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Loki, 19th century chromolithographic trade card advertising Petzold & Aulhorn Chocolate, artist unknown

Loki is an unusual deity. A member of the Aesir or Norse pantheon, he appears in many stories about the lives of these gods and goddesses, but there is no evidence that he was either venerated or propitiated by pagan people during the pre-Christian era. According to Snorri's Edda, Gylfaginning: "Also numbered among the Aesir is he whom some call the mischief-monger of the Aesir, and the first father of falsehoods, and blemish of all gods and men: he is named Loki or Loptr, son of Fárbauti the giant; his mother was Laufey or Nál; his brothers are Býleistr and Helblindi. Loki is beautiful and comely to look upon, evil in spirit, very fickle in habit. He surpassed other men in that wisdom which is called 'sleight,' and had artifices for all occasions; he would ever bring the Aesir into great hardships, and then get them out with crafty counsel. His wife is Sigyn, their sons are Nari or Narfi." He is a shape-shifter and gender-changer and although he is married to Sigyn and father to Hel, goddess of the underworld; Fenris the Wolf; and Jörmungandr, the World-Girdling Snake, he is also the mother of Odin's horse Sleipnir.

Due to modern comic book and role-playing game depictions of Loki, most non-Heathens mistakenly see him as a kind of "Germanic Satan" -- an evil, destructive figure who hates the other gods and wants them all ruined. It's true that Loki does some of the worst deeds in the lore, but he is often motivated by a desperate drive for self-preservation and a lack of manly courage, not inherent villainry. In one story, he tricks the goddess Idunn, the keeper of the apples of longevity, into leaving Asgard so that a giant can kidnap her. However, the giants had threatened Loki with death if he didn't produce Idunn, so his treachery is the product of cowardice. In another tale, Loki tricks Thor into visiting a hostile giant without his magic hammer, belt, or gloves -- but, again, the giant had threatened to kill Loki, so here too it is cowardice, not malice, that leads Loki to do evil. And when the walls of Asgard need rebuilding after a war, a giant offers to do the job in exchange for the Sun, the Moon, and Freya's hand in marriage. The Aesir are reluctant to accept this proposition, but Loki talks them into it by offering to trick the giant, saying that if the giant agrees to complete the work in only half the time he asked for, he won't be able to finish by the appointed date, the contract will be breached, and the gods will get part of the walls built for free. Unfortunately, the giant works much faster than anyone had expected, and one day before the deadline, only a few stones need to be set in place. The gods blame Loki for talking them into the tricky deal, and threaten to kill him if he can't find a solution. Driven by fear, he transforms himself into a mare in heat and seduces the giant's work-horse, which had been hauling rocks, to run after him. In the process, he manages to get himself pregnant and he thus gives birth to Sleipnir, who becomes Odin's horse. In another tale of gender-change, Loki dresses as a bridesmaid to Thor, who, in an attempt to retrieve his stolen hammer. is clumsily disguised as Freya at the time. Loki's worst crime is that he tricks Frigga into revealing that mistletoe is the one thing that can kill Baldr and tricks Baldr's brother into using the mistletoe against him. Worse, after Baldr's deat, he refuses to weep for the slain god, thus condemning Baldr to remain in the underworld.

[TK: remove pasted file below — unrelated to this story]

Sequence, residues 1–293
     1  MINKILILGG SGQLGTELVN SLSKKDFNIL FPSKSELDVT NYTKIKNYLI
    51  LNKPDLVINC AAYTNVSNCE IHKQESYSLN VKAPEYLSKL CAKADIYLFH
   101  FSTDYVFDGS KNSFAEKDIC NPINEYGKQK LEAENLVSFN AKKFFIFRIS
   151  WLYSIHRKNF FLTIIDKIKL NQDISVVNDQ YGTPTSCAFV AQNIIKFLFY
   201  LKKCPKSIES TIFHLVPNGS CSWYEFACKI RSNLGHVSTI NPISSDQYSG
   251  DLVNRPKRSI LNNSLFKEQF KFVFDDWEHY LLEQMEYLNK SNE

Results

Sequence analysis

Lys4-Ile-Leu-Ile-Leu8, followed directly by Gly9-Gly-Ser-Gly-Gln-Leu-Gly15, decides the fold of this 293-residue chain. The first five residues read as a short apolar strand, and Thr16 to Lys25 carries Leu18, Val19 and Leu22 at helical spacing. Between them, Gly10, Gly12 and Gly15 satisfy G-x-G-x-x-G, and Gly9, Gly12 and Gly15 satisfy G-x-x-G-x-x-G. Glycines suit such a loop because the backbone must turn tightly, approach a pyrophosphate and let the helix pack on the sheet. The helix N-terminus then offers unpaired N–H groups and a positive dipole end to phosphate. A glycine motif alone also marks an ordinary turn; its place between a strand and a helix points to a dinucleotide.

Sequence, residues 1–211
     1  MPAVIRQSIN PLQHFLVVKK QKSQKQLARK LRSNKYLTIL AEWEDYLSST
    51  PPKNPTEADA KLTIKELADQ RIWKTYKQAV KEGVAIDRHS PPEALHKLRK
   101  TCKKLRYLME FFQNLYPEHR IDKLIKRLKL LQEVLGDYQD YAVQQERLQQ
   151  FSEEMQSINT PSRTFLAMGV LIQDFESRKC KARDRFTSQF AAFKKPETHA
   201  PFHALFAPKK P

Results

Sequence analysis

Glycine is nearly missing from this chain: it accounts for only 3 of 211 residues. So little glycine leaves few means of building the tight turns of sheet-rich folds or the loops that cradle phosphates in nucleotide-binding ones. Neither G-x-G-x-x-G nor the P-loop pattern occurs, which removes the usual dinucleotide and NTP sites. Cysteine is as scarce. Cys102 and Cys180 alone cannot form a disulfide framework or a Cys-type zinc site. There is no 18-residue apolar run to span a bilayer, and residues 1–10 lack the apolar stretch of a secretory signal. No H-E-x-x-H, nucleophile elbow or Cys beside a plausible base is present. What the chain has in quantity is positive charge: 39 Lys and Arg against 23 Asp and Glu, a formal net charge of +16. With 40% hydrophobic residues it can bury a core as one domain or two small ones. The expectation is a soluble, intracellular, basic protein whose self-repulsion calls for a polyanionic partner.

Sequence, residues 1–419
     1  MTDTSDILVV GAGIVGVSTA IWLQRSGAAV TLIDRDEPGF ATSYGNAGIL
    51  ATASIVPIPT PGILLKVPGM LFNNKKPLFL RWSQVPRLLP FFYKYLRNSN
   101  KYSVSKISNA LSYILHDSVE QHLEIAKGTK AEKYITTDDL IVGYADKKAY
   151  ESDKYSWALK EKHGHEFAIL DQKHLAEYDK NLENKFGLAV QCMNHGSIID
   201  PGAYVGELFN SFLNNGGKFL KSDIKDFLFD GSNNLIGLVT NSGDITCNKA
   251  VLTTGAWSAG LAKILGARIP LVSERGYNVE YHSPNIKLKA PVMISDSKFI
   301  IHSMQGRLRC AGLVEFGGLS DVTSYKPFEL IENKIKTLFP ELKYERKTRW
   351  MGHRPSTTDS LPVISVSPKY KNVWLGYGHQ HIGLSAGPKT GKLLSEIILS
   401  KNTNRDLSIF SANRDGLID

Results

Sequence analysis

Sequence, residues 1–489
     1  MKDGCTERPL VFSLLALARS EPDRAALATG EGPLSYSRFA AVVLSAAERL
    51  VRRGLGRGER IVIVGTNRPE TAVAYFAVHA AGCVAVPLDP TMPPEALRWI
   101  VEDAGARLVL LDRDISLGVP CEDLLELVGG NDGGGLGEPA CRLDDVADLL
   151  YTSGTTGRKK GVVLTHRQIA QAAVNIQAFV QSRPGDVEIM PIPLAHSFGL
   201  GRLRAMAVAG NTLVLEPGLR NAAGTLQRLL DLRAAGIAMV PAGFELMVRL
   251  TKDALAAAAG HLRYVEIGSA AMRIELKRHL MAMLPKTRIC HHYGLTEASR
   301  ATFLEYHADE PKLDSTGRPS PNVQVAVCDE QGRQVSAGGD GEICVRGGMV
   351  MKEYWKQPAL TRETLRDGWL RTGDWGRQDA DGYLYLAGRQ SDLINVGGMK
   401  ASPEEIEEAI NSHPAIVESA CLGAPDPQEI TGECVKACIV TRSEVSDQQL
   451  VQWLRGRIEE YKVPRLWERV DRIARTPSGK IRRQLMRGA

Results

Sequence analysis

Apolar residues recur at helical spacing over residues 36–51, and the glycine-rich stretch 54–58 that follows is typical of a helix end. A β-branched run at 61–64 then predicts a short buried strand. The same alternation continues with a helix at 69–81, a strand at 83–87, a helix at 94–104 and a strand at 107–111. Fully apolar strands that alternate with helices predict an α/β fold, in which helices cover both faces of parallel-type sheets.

Ultimately, Loki goes too far, and at a feast held by Aegir, he begins by killing one of Aegir's servants and then ruins every friendship he still has by taunting each of the Aesir by name and revealing their most embarrassing secrets. He is driven from the feast-hall and, according to the Lokasenna, as the gods pursue him, "Loki, in the likeness of a Salmon, cast himself into the waterfall of Franangr, where the Aesir caught him, and bound him with the entrails of his son Nari; but his other son, Narfi, was changed into a wolf. Skadi took a venomous serpent, and fastened it up over Loki’s face. The venom trickled down from it. Sigyn, Loki’s wife, sat by, and held a basin under the venom; and when the basin was full, carried the venom out. Meanwhile the venom dropped on Loki, who shrank from it so violently that the whole earth trembled. This causes what are now called earthquakes." Thus, for all of his betrayals, Loki is doomed to remain bound by his own son's entrails to three rocks, as venom drips onto his face until the coming of Ragnarok, the Twilight of the Gods. Judging by the evidence, Loki is a deceiver, but not a demon. Driven both by fear of death and an over-estimation of his own verbal cleverness, he works either with or against the gods, whichever side is better for him at the time. Loki is generally depicted as a bearded man, often with a look of cunning or deceit on his face. He may be shown accompanied by his children Fenris, Jörmungandr, and Hel, or caught in a net in the form of a Salmon, or bound to the rocks with the snake above him as Sigyn attempts to keep its venom from dripping into his lying, treacherous mouth.


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